Bottom Line: Rushing to get some massive infrastructure projects off the ground as oil discoveries move towards commercial production in Kenya, the Chinese launch a landmark multi-country railway project to compliment the port expansion at Mombasa.
Recommendation: This massive rail project—funded by Chinese soft power—will dramatically increase Kenya’s trade prospects and secure its position as a regional hub and economic powerhouse. Investment will respond in kind.
Analysis: The Chinese have officially begun construction on a $13.8-billion railway project that will connect the port of Mombasa, which is being expanded, and the capital city of Nairobi, and eventually possibly even link Kenya’s market with landlocked neighbors Uganda, Rwanda and South Sudan. So far, the Chinese have funded the first 450-kilometr sector of the project that runs from Mombasa to Nairobi for $5.2 billion, which is slated for completion by 2017. Construction is being done by state-owned China Road and Bridge Corporation (CRBC), which in August completed the first stage of expansion at Mombasa’s port—a massive project in itself which included a new berth with a 50,000-ton container ship capacity. The new rail line will boost transport volumes between the port and the capital significantly by reducing the transit time from 36 hours to eight hours and resulting in a reduction in transport costs by about 60%.
Work has also begun on Kenya’s massively ambitious LAPSSET (Lamu Port-Southern Sudan-Ethiopia Transit Corridor) infrastructure project. Last year, Kenya started construction on the Lamu Port part of this project, which includes a port, railway and refinery in Lamu. The entire project will cost an estimated $24.5 billion and hopes to connect Ethiopia and oil-rich South Sudan.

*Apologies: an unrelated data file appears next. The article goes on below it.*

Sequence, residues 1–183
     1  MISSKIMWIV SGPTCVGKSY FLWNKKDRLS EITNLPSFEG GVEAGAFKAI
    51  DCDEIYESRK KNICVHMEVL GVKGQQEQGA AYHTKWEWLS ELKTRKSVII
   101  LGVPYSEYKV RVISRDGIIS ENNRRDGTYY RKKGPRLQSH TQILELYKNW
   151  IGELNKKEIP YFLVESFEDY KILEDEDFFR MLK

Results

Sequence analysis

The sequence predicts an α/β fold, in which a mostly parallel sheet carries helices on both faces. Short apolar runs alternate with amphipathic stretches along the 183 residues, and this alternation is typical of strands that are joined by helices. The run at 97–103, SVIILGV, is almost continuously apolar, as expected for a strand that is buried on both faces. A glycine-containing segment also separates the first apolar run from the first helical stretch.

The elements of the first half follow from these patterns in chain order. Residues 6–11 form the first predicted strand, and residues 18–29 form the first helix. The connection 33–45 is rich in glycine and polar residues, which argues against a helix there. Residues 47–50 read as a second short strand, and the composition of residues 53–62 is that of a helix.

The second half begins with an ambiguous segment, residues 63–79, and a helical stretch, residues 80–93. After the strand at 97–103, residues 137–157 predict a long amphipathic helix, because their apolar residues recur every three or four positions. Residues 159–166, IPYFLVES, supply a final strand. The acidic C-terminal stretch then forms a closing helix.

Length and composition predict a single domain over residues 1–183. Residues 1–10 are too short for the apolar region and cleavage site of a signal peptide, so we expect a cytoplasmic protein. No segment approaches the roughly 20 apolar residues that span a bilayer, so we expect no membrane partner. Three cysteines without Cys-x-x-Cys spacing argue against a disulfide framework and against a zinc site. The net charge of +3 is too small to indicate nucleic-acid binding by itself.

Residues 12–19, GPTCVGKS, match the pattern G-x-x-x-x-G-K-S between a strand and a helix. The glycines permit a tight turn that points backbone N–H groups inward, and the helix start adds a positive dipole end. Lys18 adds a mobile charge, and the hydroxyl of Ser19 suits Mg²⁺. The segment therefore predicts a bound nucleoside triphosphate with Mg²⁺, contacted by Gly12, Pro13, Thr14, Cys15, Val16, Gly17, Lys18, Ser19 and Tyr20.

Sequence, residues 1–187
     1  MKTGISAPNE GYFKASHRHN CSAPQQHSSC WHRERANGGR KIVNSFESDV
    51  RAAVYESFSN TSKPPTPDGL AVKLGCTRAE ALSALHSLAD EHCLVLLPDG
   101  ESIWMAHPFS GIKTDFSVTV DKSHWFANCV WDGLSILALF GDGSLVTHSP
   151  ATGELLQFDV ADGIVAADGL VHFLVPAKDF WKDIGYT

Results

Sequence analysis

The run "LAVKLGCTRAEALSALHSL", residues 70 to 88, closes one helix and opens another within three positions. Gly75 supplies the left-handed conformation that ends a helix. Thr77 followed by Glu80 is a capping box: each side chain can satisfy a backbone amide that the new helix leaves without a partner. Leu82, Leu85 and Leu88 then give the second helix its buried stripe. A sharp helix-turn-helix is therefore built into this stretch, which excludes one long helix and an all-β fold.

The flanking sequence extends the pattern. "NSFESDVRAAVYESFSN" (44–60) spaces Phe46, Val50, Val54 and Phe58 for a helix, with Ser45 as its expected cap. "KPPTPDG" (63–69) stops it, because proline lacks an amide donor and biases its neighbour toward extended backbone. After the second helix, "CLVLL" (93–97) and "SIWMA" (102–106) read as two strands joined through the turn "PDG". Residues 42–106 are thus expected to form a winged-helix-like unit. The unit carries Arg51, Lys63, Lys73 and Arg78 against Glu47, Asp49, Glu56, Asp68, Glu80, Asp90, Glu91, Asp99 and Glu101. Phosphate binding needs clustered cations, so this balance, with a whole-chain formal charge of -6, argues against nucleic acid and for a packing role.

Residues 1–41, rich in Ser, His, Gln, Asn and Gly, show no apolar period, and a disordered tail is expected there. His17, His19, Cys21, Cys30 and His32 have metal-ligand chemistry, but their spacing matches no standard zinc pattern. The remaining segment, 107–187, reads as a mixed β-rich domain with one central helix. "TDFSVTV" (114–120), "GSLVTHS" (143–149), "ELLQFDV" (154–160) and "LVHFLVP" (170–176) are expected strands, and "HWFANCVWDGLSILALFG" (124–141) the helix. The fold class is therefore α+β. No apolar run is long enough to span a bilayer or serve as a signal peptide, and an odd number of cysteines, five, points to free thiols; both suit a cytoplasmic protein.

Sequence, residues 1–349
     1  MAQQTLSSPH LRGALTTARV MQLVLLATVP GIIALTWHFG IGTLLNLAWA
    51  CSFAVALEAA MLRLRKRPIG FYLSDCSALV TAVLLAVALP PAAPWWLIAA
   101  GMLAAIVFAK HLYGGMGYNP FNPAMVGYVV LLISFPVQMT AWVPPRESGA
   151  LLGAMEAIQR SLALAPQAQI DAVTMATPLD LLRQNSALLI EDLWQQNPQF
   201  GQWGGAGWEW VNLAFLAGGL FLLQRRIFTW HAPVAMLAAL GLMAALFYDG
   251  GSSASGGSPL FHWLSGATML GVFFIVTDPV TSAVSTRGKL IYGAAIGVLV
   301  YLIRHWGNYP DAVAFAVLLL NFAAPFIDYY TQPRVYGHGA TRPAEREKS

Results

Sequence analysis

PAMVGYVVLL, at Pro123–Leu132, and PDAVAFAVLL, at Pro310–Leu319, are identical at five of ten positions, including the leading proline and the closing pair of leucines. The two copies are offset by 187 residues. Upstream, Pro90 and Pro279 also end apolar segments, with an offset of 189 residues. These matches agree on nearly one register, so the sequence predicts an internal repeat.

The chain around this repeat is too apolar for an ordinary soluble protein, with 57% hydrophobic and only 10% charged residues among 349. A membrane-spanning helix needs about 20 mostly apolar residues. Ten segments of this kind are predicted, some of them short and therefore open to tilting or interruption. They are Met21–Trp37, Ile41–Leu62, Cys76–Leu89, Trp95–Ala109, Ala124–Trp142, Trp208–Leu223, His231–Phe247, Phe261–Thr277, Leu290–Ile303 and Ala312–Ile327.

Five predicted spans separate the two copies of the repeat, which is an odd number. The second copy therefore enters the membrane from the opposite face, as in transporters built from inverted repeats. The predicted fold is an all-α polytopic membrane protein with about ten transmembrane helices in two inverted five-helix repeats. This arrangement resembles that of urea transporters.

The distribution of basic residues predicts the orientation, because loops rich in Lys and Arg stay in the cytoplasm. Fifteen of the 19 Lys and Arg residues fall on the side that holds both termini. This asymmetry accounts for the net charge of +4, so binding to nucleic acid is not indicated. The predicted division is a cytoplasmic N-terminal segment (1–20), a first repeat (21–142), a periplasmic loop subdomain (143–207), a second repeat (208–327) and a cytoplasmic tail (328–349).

The key elements of the $24.7 billion LAPSSET Corridor include:
• Lamu Port in Kenya, with 32 berths costing $5.3 billion
• A $2.8 billion oil refinery at Lamu Port (this will be Kenya’s second oil refinery, with the Mombasa Refinery at a 70,000bpd capacity)
• A $3.9 billion, 1,300km oil pipeline running from Lamu to South Sudan, which will double as a fiber optic route
• 1,720km super highway connecting Ethiopia to South Sudan
• An $8.08 billion, 1,620km (standard gauge) railway line running from Lamu to Juba, with a branch to Ethiopia; costs to be shared by Nairobi, Juba and Addis Ababa
• Three international airports: Lamu, Isiolo, Lokichogio
The LAPSSET corridor will turn Kenya into a gateway for business in East Africa and the Great Lakes Region, as well as the key transport hub for the entire region. It will also provide access, via sea, to external markets for areas that are currently closed off, including Kenya’s north, Somalia’s south, Ethiopia’s south and South Sudan. The corridor will also establish an alternative sea route from the Indian Ocean, serving as a land bridge across the region and fostering what will potentially become a united economic and trade zone.